Enushe Khan (MSB ’17) and Chris Fisk’s (COL ’17) Georgetown University Student Association executive campaign slogan, “Breaking Barriers, Building Bridges,” focuses on the campaign’s goals of creating a more inclusive GUSA, a vision that runs throughout its platform, which also addresses the importance of expanding mental health programs, dining options and efforts against sexual assault.
Khan said in The Hoya’s profile of their candidacy that the slogan focuses on opening GUSA up to underrepresented student groups and empowering them, something GUSA’s current structure has been ineffective at doing.
“What that means is that you have multiple students here on campus who care but have no means to get involved or to voice their concerns or to feel empowered,” Khan said. “They’re just sort of left out in the dark and they have nothing that they can do about it, and on top of that they don’t know what’s actually happening because they don’t see GUSA as a resource.”
The Khan-Fisk platform addresses 23 issues, from academics to workers’ rights.
Khan said she had three early priorities in the platform: to address campus dining, the D.C. policing bill and the campus plan. Khan emphasized that the new dining contract has to be approached with student input, given food’s importance in student’s lives.
“Food is very important for me and also to pretty much everyone here on this campus; you know food has such an impact on us, especially as students with the schedules that we have, in terms of our mental health, the effects that it has, the implications. There is a lot to be said just on our dining program alone and that’s a pressing issue right now,” Khan said.
The ticket hopes to make dining plans more accessible, for example, by increasing off-campus dining options using flex dollars and student discounts and expanding the number of locations that accept meal swipes, according to the Khan-Fisk campaign website.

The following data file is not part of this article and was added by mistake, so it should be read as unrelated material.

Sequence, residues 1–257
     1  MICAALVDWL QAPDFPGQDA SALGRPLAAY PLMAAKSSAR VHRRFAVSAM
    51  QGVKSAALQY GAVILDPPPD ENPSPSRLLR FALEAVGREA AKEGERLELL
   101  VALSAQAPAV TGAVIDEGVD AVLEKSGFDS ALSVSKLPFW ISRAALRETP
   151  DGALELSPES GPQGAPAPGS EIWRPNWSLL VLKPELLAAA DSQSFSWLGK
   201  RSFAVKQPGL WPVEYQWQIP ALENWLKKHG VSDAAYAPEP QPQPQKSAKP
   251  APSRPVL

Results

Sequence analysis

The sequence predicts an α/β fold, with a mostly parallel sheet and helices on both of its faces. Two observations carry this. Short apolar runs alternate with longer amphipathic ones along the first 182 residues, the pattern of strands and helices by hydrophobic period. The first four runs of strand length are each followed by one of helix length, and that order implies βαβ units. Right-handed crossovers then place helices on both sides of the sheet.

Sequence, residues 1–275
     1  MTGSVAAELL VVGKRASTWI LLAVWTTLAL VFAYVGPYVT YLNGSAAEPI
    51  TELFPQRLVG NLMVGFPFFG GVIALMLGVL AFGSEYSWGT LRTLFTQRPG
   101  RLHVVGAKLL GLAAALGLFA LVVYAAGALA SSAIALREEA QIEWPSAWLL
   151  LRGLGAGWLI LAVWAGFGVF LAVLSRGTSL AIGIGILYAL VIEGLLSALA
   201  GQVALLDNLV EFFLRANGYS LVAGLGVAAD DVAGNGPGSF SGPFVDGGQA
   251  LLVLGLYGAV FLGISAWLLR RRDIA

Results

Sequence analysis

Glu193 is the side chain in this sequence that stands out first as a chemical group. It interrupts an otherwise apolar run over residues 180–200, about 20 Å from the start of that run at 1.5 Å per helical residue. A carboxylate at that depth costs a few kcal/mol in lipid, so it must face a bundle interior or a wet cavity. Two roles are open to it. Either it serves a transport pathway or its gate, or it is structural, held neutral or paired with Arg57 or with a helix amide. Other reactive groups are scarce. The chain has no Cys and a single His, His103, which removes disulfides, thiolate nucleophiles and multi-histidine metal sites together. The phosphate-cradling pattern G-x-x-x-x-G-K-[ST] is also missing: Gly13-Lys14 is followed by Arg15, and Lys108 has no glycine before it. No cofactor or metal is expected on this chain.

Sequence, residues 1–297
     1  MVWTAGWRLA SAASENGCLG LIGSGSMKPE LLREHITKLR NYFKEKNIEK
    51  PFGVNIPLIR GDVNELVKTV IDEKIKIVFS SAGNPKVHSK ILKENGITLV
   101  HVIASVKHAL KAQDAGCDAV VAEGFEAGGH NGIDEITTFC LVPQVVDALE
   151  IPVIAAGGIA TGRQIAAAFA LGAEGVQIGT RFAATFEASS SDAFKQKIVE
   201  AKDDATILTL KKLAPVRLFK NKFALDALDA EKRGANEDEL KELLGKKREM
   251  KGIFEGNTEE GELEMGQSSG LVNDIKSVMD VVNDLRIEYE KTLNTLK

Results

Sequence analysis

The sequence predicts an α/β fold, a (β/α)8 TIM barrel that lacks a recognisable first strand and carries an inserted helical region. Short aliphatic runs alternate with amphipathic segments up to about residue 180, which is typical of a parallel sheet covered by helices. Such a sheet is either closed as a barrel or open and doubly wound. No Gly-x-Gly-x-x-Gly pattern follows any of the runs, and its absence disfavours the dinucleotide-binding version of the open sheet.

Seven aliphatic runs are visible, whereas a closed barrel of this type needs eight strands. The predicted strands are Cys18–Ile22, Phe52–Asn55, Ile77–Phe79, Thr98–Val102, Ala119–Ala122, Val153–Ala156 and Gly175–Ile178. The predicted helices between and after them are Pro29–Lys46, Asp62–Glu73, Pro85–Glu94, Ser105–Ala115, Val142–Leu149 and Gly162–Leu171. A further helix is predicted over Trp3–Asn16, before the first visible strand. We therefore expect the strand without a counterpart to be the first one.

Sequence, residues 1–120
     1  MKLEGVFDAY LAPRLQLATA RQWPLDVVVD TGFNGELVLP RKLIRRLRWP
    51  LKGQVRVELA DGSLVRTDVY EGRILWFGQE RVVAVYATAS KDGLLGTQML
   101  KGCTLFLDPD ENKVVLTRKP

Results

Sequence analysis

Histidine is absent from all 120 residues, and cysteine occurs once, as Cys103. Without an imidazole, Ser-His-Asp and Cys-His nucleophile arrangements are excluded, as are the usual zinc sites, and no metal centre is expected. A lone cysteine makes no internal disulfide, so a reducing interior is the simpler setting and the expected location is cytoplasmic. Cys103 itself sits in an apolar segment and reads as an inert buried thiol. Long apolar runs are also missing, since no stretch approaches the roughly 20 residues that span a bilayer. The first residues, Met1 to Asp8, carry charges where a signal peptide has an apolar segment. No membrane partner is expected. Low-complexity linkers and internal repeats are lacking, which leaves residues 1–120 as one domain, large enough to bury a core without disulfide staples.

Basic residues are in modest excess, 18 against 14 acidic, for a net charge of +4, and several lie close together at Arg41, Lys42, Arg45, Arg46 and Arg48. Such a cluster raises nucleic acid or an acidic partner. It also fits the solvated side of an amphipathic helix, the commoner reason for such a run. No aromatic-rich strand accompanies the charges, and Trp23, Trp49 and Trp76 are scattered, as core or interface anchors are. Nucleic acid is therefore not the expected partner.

Khan also said the D.C. policing bill — which would allow the Georgetown University Police Department to patrol off campus — needs to be amended to restrict campus police to only patrolling on campus.
“The portion relating to campus police officers needs to be amended because that would be a detriment to this sort of social life and the privacy of students who are living here off campus,” Khan said. “That would give GUPD just way too much access.”
The pair also promised to prioritize the 2017 Campus Plan, which is set to be signed in May or over the summer, if elected. Khan said she would advocate to not sign a campus plan over the summer period.
“My big thing is that the campus plan, cannot and should not be signed when there are no students here on this campus. So, it cannot and should not be signed over the summer,” Khan said.
GUSA Secretary of Campus Planning Ari Goldstein (COL ’18), a co-director of policy for the Khan-Fisk ticket, said approaching master planning with a team will make the process more inclusive.
“Because you have a small number of students who are working hands-on with administrators, then you reach out to the student body when it’s necessary, but that is not as inclusive as possible,” Goldstein said. “So the idea we have is to bring together a large group of students on a master planning team, as one of the many teams on the administration and to train and engage a large group of students to be master planning advocates.”
According to Khan, master planning will be the most challenging project for her potential administration to address, and it is essential that GUSA work with the administration and neighbors to accomplish their goals.
“I think it is important that the future GUSA president and vice president also build a very strong relationship and network with the neighbors that we have here, because again this campus plan affects more than just our campus because the neighbors are key stakeholders,” Khan said.
Fisk said his and Khan’s early priorities also revolve around socio-economic issues.
The official Khan-Fisk platform lists 19 policies to address socio-economic inclusivity on campus, which include GUSA’s advocating for the inclusion of expenses like laundry and printing in tuition so that it is counted toward financial aid as well as support for internship transportation costs.